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According to this Creation account, the created order, includ- ing human existence, begins in darkness when “a wind from God” sweeps over the face of the waters. Though God separates light from darkness and day from night on the rst day, God does not eliminate the darkness. It remains part...
How have you connected to God in a new way through an experience of darkness?
Trinity Sunday is an appropriate time for the church to reflect on the dynamic tension between what we know of God and our attempts to formulate and articulate what we know. The Genesis text demonstrates that the God of Israel, the creator of heaven and earth, is unlike other gods and must be served and worshiped exclusively. The psalm asserts the same power of God but is more explicit about the implications for human life of God’s governance. The Gospel reading re ects on the gift of God’s presence in the church, a presence marked by moral expectation and demand, as well as assurance. The epistle reading voices the strange convergence of God’s authority and God’s remarkable grace known through the presence of Christ.
• Read Genesis 1:1–2:4a. God takes a break. When do you allow yourself to step away from the busyness of the world for some much-needed sabbath time?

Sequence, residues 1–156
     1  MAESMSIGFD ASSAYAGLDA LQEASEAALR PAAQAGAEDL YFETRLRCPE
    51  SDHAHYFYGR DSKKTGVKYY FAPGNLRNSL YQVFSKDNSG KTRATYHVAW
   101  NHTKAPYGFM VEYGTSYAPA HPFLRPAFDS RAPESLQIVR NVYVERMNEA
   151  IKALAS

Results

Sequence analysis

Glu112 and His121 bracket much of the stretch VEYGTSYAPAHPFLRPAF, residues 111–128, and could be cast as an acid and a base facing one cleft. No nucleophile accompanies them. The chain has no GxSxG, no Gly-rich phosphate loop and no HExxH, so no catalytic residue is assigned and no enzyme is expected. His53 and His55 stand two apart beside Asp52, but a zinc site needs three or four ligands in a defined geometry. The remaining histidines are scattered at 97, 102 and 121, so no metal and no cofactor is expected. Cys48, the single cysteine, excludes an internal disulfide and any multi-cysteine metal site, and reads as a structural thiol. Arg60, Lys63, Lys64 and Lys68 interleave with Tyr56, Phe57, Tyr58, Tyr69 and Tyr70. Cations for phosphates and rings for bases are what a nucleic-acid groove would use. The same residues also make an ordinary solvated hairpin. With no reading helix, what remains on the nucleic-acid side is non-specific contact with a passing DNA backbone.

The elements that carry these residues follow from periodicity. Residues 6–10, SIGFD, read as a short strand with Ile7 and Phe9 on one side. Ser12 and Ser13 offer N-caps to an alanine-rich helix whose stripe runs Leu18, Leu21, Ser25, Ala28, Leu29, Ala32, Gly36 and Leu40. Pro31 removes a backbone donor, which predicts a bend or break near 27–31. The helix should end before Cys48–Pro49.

• Read Psalm 8. This song of praise exalts the order and majesty of creation. We, like the psalmist, ask, “God, why do you care for humankind?” How do you respond?
• Read 2 Corinthians 13:11-13. What ways can you envision yourself acting to calm disagreements and tension within your church community?
• Read Matthew 28:16-20. Jesus gives his disciples clear instructions: Go, make disciples, baptize, teach. How is your discipleship evident in your “going”?
Respond by posting a prayer.
"Patience requires us to slow down, pay attention, and see God in the midst of our frustration. When you get impatient, ask God what God would like you to see in that moment." Read More . . .